I learned to be comfortable praying privately and in my meetings with the missionaries. Since the missionaries were there to teach me, I didn’t worry about getting something wrong. The first time I was asked to pray in class however, I was very intimidated. I didn’t know the teacher or students well, and I was still sometimes using a card to remind me of the steps to proper prayer. What if I got it wrong?

mormon prayer What I quickly learned was that no one got upset if I got the steps out of order, or even if I suddenly whispered, “I forget how to close the prayer.” Although the steps are important, God isn’t worried about perfection when you’re just learning. If I forgot how to close the prayer, someone was always happy to whisper the words to me. In my years of church membership, I’ve heard all sorts of prayers given by new members, and the spirit always showed up in the meeting, whether the prayer was traditionally done or not.

Public prayers are somewhat different from personal prayers. Although we follow the same basic pattern—greet God by name, thank, ask, close in the pronouns, rather than singular ones. Rather than saying, “I pray that…” you should say, “We pray that…” You say the prayer as if everyone was praying in unison. Although the listeners aren’t speaking, they are participating in the prayer privately.

Public prayers should be brief. They shouldn’t turn into a sermon or conversation and should cover what is needed for the specific meeting. For instance, in the gratitude portion of the prayer, you might express gratitude for the instructor, for the gospel message about to be presented, and for the leaders of the church. In the petition portion of the prayer, might ask a blessing on the teacher that she will be able to present her message in a way others will understand and a blessing on the students that they will understand how to apply the message.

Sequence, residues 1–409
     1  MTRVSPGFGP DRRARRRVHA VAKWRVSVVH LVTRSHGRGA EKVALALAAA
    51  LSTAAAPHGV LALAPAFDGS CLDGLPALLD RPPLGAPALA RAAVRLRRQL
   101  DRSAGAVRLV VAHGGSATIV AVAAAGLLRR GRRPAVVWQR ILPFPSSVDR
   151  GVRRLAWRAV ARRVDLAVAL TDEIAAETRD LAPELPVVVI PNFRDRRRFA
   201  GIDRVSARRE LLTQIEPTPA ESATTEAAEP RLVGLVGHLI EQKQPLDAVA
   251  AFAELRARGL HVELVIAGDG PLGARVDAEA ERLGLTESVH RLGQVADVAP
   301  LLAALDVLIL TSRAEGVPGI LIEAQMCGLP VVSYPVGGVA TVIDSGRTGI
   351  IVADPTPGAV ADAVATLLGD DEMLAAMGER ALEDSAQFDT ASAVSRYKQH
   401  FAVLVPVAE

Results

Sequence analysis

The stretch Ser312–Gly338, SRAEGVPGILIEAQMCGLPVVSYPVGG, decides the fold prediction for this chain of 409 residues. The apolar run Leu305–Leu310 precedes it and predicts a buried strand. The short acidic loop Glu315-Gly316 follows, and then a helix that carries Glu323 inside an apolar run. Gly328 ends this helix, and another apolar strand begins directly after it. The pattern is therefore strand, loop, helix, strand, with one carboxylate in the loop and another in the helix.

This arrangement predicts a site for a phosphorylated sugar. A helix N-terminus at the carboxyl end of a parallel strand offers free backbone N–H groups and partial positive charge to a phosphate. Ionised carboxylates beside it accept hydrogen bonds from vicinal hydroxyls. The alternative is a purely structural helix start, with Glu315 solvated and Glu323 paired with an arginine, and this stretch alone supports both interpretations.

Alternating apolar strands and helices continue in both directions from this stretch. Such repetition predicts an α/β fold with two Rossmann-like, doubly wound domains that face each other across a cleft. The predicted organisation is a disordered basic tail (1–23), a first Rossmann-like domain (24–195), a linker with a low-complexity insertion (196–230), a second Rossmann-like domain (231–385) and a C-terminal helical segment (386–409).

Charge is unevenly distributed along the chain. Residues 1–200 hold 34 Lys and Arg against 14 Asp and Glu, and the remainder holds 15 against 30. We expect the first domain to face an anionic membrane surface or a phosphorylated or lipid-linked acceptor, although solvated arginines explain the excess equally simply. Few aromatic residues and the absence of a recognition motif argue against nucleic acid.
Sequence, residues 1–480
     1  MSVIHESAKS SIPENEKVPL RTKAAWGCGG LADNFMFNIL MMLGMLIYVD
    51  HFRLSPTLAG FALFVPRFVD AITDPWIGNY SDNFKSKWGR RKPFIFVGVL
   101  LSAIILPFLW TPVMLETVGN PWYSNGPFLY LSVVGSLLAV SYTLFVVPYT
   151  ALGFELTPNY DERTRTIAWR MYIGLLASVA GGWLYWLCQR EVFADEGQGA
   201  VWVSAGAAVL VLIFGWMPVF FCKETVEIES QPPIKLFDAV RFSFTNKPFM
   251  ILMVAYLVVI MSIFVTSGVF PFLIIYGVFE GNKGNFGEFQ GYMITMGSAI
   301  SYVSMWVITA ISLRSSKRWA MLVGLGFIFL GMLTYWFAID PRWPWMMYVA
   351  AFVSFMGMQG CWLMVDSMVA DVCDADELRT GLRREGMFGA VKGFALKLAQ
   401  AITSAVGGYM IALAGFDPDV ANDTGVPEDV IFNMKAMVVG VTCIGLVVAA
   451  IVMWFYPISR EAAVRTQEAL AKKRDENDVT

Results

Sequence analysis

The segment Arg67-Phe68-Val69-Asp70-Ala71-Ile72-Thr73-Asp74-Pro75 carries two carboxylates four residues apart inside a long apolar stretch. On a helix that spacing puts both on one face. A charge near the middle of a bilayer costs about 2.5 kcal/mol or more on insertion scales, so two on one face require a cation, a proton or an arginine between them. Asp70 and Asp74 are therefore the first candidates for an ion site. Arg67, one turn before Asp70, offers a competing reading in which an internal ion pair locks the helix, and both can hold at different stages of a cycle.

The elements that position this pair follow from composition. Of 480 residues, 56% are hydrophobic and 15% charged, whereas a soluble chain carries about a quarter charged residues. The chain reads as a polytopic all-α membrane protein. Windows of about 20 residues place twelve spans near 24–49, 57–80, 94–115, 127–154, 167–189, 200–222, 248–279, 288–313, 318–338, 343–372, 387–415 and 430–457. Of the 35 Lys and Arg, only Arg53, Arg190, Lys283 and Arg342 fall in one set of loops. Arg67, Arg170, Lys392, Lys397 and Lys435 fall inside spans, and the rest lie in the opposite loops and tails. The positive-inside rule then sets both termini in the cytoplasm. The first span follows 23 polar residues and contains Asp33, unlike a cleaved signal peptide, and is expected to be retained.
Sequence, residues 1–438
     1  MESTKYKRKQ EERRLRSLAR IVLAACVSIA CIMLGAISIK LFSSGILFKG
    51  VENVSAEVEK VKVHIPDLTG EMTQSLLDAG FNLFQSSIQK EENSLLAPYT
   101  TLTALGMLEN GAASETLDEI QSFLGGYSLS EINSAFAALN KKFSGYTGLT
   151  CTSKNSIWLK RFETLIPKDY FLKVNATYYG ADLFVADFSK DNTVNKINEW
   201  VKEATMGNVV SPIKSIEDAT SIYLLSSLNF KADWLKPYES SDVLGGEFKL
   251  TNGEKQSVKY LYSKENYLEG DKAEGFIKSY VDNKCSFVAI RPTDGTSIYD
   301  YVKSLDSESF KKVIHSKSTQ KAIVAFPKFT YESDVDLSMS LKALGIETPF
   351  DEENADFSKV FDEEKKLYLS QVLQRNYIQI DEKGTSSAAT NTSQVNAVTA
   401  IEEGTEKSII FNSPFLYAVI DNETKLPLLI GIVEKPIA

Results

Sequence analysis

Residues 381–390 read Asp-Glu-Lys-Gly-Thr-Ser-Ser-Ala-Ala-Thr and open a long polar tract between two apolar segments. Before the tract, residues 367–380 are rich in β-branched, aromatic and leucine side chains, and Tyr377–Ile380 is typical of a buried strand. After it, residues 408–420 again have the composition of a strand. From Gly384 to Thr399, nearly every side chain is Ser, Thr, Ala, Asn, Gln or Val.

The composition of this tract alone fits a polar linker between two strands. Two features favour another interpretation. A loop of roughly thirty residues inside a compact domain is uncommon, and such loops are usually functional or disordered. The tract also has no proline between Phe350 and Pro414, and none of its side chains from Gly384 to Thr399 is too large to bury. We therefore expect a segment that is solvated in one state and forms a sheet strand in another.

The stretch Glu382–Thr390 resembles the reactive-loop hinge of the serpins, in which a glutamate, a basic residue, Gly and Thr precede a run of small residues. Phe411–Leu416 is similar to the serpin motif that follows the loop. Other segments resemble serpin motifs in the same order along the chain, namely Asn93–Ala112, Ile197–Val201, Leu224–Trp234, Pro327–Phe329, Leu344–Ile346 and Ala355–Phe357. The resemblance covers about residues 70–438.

If you’re not praying in a small group, and find you’ve forgotten what to do, perhaps how to close the prayer, simply do the best you can. Say what is in your heart and don’t worry about the parts you’ve forgotten. Later, you can ask someone to remind you if you still can’t remember, although you may find you remember perfectly once you sit down. It’s a little scary sometimes if you aren’t using to praying in public.

The more often you give public prayers, the more comfortable you will become with them.

About Terrie Lynn Bittner
The late Terrie Lynn Bittner—beloved wife, mother, grandmother, and friend—was the author of two homeschooling books and numerous articles, including several that appeared in Latter-day Saint magazines. She became a member of the Church at the age of 17 and began sharing her faith online in 1992.

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